Japan Times May 24, 2005: “Here comes the fear: Antiterrorist law creates legal conundrums for foreign residents”

Japan Times November 22, 2005: “THE NEW “I C YOU” CARDS: LDP proposal to computer chip foreigners has great potential for abuse”

Even though Japan’s NJ residents have fought long and hard (and successfully, until the police took advantage of the fear of terrorism) to end fingerprinting as part of Immigration procedure.

So here’s how it’s playing out. According to GYAKU, company without a country (which to some constitutes a security risk in itself) ACCENTURE (which created the digital mug-shot and fingerprint scans seen at US Immigration nowadays) has not only acted as consultant to Japan’s upcoming version, but also has been awarded the contract to develop Japan’s system for a song. This means that Japan becomes the second country to institute one of these systems in the world, in a bid to get a toehold in Asia and profit from the fear of terrorism.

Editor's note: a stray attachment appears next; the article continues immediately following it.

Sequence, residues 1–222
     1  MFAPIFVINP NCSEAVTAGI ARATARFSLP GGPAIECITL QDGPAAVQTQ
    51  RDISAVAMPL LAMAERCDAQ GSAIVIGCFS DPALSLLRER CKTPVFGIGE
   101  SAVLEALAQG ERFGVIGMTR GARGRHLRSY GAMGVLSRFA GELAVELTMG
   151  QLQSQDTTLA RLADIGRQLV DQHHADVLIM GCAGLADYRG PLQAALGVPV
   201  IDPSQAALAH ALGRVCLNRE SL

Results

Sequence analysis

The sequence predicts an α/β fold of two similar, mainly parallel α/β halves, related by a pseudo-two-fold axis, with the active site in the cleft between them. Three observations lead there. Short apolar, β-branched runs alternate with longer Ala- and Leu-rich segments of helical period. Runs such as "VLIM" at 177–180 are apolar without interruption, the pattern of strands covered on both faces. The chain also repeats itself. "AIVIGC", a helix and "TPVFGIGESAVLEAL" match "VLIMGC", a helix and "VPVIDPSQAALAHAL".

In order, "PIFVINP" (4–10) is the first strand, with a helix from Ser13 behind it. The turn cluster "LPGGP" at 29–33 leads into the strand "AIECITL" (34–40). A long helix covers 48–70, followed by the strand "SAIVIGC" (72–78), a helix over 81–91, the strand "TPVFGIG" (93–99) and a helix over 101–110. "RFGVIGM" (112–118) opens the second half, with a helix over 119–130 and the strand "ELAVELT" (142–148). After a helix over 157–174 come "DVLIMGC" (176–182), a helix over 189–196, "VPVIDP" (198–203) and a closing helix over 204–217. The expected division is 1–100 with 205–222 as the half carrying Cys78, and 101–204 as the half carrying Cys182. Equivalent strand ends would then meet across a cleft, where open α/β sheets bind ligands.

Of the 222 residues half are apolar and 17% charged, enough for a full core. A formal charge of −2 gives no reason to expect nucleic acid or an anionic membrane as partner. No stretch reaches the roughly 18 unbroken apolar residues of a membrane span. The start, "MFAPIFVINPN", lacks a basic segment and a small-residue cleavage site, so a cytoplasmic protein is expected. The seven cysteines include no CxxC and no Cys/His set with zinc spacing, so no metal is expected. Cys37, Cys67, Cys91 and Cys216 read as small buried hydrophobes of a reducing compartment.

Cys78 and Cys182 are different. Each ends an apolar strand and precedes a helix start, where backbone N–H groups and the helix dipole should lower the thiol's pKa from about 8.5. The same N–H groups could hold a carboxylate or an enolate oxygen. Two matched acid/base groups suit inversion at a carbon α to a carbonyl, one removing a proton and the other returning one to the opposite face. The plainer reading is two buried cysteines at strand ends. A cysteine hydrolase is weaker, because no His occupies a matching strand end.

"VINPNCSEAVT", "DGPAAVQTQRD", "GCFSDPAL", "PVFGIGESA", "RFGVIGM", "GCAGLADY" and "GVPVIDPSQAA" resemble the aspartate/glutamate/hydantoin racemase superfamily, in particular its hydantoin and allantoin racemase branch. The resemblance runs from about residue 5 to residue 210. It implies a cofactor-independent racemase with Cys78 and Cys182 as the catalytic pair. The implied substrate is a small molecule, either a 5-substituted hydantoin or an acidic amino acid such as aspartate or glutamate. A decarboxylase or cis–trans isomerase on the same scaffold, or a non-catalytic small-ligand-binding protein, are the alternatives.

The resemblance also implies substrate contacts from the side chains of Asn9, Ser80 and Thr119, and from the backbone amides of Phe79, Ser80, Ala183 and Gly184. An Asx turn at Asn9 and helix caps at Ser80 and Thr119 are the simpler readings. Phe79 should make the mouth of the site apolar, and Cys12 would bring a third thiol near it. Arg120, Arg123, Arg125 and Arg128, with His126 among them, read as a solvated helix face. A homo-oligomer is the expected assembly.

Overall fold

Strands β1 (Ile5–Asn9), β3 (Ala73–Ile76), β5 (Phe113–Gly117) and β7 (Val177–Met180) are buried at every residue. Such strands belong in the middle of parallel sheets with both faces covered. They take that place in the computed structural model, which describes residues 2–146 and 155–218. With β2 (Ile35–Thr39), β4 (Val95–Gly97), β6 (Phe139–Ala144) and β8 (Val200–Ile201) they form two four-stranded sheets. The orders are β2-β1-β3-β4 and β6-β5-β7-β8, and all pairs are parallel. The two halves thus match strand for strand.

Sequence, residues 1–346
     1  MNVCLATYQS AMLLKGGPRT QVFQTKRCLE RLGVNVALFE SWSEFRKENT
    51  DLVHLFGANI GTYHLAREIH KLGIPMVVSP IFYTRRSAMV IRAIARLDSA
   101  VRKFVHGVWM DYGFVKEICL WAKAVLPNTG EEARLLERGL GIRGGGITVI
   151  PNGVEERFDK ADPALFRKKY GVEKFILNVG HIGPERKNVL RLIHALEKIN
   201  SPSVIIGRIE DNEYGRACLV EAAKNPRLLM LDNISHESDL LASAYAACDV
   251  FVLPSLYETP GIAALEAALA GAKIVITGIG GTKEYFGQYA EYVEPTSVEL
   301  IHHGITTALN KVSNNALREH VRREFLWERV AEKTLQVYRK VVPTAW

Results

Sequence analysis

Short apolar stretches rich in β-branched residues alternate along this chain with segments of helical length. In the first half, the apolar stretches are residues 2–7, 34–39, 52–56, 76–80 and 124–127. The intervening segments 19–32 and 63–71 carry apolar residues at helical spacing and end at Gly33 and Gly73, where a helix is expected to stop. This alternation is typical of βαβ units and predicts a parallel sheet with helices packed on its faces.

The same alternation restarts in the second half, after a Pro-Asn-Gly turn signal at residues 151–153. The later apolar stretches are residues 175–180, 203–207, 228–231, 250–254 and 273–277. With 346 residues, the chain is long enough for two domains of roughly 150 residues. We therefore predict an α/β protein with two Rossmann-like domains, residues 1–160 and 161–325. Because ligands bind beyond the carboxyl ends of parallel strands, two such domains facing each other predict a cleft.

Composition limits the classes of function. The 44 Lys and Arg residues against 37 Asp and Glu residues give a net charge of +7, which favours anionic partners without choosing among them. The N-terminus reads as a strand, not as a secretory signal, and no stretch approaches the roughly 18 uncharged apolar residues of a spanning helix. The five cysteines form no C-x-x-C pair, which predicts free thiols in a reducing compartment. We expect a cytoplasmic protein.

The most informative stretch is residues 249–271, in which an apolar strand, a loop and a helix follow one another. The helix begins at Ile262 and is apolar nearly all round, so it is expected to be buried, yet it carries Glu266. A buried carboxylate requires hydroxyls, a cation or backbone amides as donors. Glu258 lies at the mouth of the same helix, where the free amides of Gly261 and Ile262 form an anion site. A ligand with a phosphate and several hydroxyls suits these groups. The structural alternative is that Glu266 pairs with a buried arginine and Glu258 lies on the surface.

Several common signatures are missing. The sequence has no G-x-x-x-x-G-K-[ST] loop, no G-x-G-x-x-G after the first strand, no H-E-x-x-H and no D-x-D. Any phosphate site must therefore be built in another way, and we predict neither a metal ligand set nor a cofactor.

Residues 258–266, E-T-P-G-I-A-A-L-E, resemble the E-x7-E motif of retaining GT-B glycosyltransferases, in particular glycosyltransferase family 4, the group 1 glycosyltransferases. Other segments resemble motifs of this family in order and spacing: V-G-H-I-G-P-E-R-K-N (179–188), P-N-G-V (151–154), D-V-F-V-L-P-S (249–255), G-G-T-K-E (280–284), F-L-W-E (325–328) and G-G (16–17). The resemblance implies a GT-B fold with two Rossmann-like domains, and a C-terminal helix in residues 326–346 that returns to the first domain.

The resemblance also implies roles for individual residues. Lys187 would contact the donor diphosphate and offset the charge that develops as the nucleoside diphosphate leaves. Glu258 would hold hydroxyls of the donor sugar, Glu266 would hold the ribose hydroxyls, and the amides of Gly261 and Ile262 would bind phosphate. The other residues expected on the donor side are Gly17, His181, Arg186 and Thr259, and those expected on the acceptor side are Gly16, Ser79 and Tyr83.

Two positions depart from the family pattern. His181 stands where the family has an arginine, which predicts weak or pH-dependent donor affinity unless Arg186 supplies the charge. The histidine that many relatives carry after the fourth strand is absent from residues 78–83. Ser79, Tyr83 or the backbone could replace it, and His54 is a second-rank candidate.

The issues involved, the political backrooming, and links to all the necessary documents to make the case for concern are available at

Here’s an excerpt from the article. Debito in Sapporo

Accenture, JAPAN-VISIT, and the mystery of the 100,000 yen bid
Tuesday, April 17, 2007
By gyaku (

The story first came to light nearly one year ago, on April 21, 2006, during questioning at the House of Representatives Committee on Judicial Affairs in the Japanese National Diet. Hosaka Nobuto of the Japan Social Democratic Party, a former journalist active in educational issues and one of the leaders in the fight against wiretapping laws in Japan, launched a barrage of questions at government officials over revelations that a contract for a new biometric immigration system had been awarded to Accenture Japan Ltd., a corporation previously hired in the role of “advisor” for the same project. For many years a thorn in the side of the ruling party coalition, Hosaka in 2000 was ranked by the Japanese newspaper Asahi shimbun as the most active member of the House of Representatives, with a record 215 questions, a number that rose to over 400 by 2006 [1]. The questions Hosaka put to the government on April 21st were undoubtedly some of the most important of his career, and yet, now nearly a year later, the story that he fought hard to publicize has barely made a ripple in the Japanese media, and remains virtually unknown to the outside world.